Stop me if you've heard this before: U.S. stocks continued to fall as oil prices plunged lower. In fact, for the first time in 12 years, oil prices ended the day below $30 a barrel. The Dow Jones Industrial Average (DJINDICES: ^DJI) and the S&P 500 (SNPINDEX: ^GSPC) were down 2.25% and 2.18% last week, respectively, and have moved more than 8% lower in the new year.

^DJI Chart
^DJI data by YCharts.

Kate Warne, investment strategist at Edward Jones, put it nicely. "It's very frustrating and painful day to day," Ms. Warne said, according to Morningstar. "When stocks start dropping, investor fears increase, which leads to more drops in the short term."

What she said. Here are some of the more interesting developments from last week in the stock market.

SUVs and Trucks are powering profits at Detroit automakers. Image source: Ford Motor Company.

Two automakers; two strategies
Investors have been consumed by the fear of reaching "peak auto sales" in the U.S. auto market, and because of that, shares of General Motors (NYSE: GM) and Ford Motor Company (NYSE: F) have sold off to start the new year. Despite many investors shying away from owning shares of Detroit's two-largest automakers, the companies rewarded shareholders in the form of dividends last week.

General Motors announced it increased its quarterly dividend by 6%, to $0.38 per share. Its Board of Directors also increased the company's authorization for share buybacks by $4 billion, bringing the total approval to $9 billion through 2017.

Meanwhile, Ford took a slightly different approach. Rather than increasing its quarterly dividend as it has done every year since reinstating its dividend in 2012, Ford announced a $1 billion supplemental dividend. That equates to a special dividend of $0.25 per share, on top of its regular quarterly dividend of $0.15 per share. While it's about a 40% increase to the regular dividends paid in 2015, to some investors, the message seemed to be that Ford was less confident about its short-term outlook because it wasn't willing to increase the quarterly dividend.

However, to me, it says to me that the company is considering starting up a big share-repurchase plan with its stock trading at less than $12.00 -- that would be a good way to spend its cash, currently.

Outside of the automotive industry, there was plenty of pain around the market. Alcoa (NYSE: AA) traded nearly 14% lower last week after reporting disappointing fourth-quarter results. The company's margins declined in all four of its reporting segments, and profits were down significantly thanks to falling alumina and aluminum prices, which declined by 43% and 28%, respectively. It wasn't exactly new news for Alcoa investors, as it's the third consecutive quarter that profit margins declined, and most analysts are predicting that to continue in the near term.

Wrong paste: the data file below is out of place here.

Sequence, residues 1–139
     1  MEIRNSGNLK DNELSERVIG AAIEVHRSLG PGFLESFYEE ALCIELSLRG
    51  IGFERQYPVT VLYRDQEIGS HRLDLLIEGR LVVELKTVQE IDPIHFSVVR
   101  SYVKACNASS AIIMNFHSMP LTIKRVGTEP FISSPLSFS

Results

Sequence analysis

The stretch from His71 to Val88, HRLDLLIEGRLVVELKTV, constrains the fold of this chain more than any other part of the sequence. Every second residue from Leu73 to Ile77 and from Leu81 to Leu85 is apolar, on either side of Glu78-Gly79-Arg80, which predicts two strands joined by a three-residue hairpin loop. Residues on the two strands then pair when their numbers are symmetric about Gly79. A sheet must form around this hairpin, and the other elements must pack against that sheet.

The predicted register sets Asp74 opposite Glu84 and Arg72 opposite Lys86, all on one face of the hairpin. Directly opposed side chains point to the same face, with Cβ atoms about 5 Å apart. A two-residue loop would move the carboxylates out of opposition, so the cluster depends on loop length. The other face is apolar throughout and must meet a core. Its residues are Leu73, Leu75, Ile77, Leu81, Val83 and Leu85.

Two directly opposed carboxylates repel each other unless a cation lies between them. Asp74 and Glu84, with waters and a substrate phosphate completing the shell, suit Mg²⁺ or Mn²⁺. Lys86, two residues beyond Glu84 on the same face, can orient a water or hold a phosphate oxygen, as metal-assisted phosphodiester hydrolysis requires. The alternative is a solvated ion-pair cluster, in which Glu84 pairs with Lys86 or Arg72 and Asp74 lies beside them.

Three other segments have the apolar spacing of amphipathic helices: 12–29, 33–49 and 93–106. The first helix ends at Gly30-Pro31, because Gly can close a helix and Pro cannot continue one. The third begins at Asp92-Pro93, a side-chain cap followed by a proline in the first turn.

Unfortunately for Alcoa investors, the challenges that the company faces are largely out of management's control. For instance, the company is facing headwinds from plunging commodity prices, an economic slowdown in China, and unfavorable currency translation. Expect the pain to continue in the near term with earnings continuing to drop lower.

Declining commodity and oil prices also affected railroads negatively. On Tuesday, CSX Corp (NASDAQ: CSX) announced its fourth-quarter revenue fell by 13%, thanks in large part to a 32% decline in its coal volumes -- a headwind facing the entire railroad industry to some degree.

Though its revenue declined double digits, CSX actually managed to beat Wall Street expectations for earnings because of fuel costs being lower. CSX reported earnings per share of $0.48 per share, down from last year's $0.49 per share, but ahead of analyst estimates of $0.46 per share. That earnings beat may not be much consolation to investors hoping 2016 would be a better year than 2015.

"With negative global and industrial market trends projected for 2016, full-year earnings per share are expected to be down compared to 2015," said Chief Executive Michael J. Ward, according to Morningstar.

This article represents the opinion of the writer, who may disagree with the “official” recommendation position of a Motley Fool premium advisory service. We’re motley! Questioning an investing thesis -- even one of our own -- helps us all think critically about investing and make decisions that help us become smarter, happier, and richer.